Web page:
Artist Theo Simpson on the liberating potential of designing and building

Vanden Plas, 2018, by Theo Simpson, layered aluminium mounted chromogenic prints bonded to 18-gauge cold rolled steel sheet (British Leyland Cashmere Gold MET body colour/lacquer) in mild steel angle iron
Vanden Plas, 2018, by Theo Simpson, layered aluminium mounted chromogenic prints bonded to 18-gauge cold rolled steel sheet (British Leyland Cashmere Gold MET body colour/lacquer) in mild steel angle iron
(Image credit: TBC)

An avid collector of esoteric and old found imagery — photographs that were once instructional, torn from the pages of manuals, reference books, adverts and instruction guides — Lincolnshire-based Theo Simpson plays the role of both researcher and inventor, looking back at ideas about technology and industry and their genesis, often in dialogue with northern England’s history.

Simpson’s latest exhibition, ‘Part and Whole’, opening tomorrow at FOAM 3H, Amsterdam – part of FOAM’s Outset/Unseen Exhibition Fund awarded to the artist in 2017 – continues to look at these things, but brings them into the contemporary frame. Working with new material he’s collected, ‘experimental drawings and models, books showing children how to build with wire,’ the artist says, ‘I was taken with the liberated ways of designing and building, often free from purpose or from being overwhelmed by function.’

The free-spirited, unconstrained approach of these new materials inspired Simpson’s new series of three sculptural structures on view: two floor-based helical designs at 3H and a third off-site. ‘There was something exciting about the doubt and inconclusiveness that all the pieces encompass; they aren’t forced to achieve the clarity I’ve often looked for.’

Piece of work from Theo Simpsons gallery


(Image credit: TBC)

Where Simpson’s previous work has looked at his surroundings through two-dimensional documentation, the off-site work, an arched form carved from one tonne of limestone pulled out of a disused quarry, literally mines the environment for ‘what meaning can be found in the landscape understood to be forgotten, exploited, exhausted.’

Back at the gallery, the designs have been organised meticulously according to a grid that reflects the proportions of the space. ‘I used the grid to plot the intersections for varying fields of bars (reinforcing bars used in design) which formed the arc and created many drawings of columns with differing characteristics as a way of understanding the possibilities of the material, forms and the space.’

Some sections have been prefabricated, using reinforcing bars and laser cut steel, and employing basic construction methods. ‘I was attracted to this idea of using these very definite standard construction materials – this sort of usually invisible enabling fabric to break through the space, with all of it's repetitive surfaces exposed, something with which each part connects together to achieve a fixed, rigid and final whole.’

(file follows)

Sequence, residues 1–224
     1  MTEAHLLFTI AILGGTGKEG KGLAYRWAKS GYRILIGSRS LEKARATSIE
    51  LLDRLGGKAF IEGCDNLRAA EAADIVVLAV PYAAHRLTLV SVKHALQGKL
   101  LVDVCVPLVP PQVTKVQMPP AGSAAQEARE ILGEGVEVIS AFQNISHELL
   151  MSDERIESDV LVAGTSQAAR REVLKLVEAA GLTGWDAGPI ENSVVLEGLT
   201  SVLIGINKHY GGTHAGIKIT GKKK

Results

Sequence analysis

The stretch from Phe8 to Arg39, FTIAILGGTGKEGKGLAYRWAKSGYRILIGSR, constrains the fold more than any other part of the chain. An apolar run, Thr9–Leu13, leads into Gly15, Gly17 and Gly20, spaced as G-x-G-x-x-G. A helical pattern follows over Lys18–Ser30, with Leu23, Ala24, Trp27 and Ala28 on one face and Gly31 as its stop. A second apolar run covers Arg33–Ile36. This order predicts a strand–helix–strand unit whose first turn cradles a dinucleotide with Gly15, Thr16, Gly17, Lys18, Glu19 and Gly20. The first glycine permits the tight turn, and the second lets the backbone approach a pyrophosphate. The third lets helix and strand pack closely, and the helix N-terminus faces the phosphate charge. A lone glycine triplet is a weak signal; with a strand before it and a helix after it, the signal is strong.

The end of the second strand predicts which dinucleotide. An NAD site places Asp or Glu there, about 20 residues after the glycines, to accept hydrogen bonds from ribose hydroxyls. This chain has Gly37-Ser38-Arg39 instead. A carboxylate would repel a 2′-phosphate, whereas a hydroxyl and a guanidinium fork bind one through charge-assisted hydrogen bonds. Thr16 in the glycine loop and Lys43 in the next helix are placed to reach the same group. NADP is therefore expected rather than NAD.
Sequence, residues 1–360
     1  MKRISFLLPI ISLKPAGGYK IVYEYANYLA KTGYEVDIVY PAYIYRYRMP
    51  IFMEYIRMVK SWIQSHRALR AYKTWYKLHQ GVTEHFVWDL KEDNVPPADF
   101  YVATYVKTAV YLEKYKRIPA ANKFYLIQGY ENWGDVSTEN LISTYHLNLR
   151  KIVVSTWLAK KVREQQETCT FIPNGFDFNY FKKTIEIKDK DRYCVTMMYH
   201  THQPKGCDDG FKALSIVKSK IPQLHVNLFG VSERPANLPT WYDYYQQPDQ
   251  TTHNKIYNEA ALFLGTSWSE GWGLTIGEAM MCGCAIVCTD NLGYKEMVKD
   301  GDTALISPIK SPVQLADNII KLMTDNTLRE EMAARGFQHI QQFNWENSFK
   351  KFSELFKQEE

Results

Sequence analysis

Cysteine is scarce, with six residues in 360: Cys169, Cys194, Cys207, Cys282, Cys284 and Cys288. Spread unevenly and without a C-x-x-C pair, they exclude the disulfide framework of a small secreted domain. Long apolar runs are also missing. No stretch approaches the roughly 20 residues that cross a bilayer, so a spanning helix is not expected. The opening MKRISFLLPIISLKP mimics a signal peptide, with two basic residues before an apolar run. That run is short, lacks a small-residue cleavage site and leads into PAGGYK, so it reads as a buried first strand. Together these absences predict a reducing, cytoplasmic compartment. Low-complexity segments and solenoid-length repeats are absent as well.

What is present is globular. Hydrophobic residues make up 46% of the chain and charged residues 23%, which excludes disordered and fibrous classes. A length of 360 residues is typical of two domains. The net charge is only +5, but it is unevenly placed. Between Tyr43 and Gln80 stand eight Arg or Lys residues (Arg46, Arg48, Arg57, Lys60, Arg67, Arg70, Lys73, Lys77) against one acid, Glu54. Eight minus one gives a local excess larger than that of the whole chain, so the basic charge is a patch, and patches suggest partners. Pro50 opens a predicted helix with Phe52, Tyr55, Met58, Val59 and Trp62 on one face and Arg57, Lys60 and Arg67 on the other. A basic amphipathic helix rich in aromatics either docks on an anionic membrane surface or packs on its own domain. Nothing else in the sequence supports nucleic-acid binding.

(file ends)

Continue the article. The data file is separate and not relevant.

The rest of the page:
‘There’s something exciting about connecting elements and ideas even when seemingly opposing,’ Simpson adds. ‘The possibilities of invention and ways of extending and expressing ideas can open up before you with the more elements and materials you introduce.’ The challenge is finding a harmony between these different languages—the three dimensional sculptures, the site-specific work and the comparative flatness of the wall-hanging photo-based works. Just like an old instruction manual, Simpson’s proposition is to join up the parts and their whole.

Installation view of ‘British Landscape and the Imagination: 1970s to Now’, at Towner Art Gallery, Eastbourne (2017-18)

Installation view of ‘British Landscape and the Imagination: 1970s to Now’, at Towner Art Gallery, Eastbourne (2017-18), featuring the work Composition XIV (with Craig Barker) / 11 Transmitters, by Theo Simpson, 2017

(Image credit: Theo Simpson)

RITZ, 2018, by Theo Simpson

RITZ, 2018, by Theo Simpson, layered aluminium mounted chromogenic prints bonded to 18-gauge cold rolled steel sheet (British Leyland Diamond White SOL body colour/lacquer)

(Image credit: TBC)

Beech and Bache’s sculpture, 2018, by Theo Simpson

Beech and Bache’s sculpture, 2018, by Theo Simpson, layered aluminium mounted chromogenic print/archive document, mounted to spray painted (black primer variants/clear lacquer) 18-gauge cold rolled steel in spray painted (black primer) mild steel angle iron case

(Image credit: TBC)

Stephen’s sculpture, 2018, by Theo Simpson

Stephen’s sculpture, 2018, by Theo Simpson, layered aluminium mounted chromogenic print/archive document, mounted to spray painted (black primer variants/clear laquer) 18-gauge cold rolled steel in spray painted (black primer) mild steel angle iron

(Image credit: TBC)

INFORMATION

‘Part and Whole’ is on view from 19 January – 1 April. For more information, visit the FOAM website (opens in new tab) and Theo Simpson’s website (opens in new tab)

ADDRESS

FOAM 3H
Keizersgracht 609
1017 DS Amsterdam

VIEW GOOGLE MAPS (opens in new tab)

Charlotte Jansen is a journalist and the author of two books on photography, Girl on Girl (2017) and Photography Now (2021). She is commissioning editor at Elephant magazine and has written on contemporary art and culture for The Guardian, the Financial Times, ELLE, the British Journal of Photography, Frieze and Artsy. Jansen is also presenter of Dior Talks podcast series, The Female Gaze.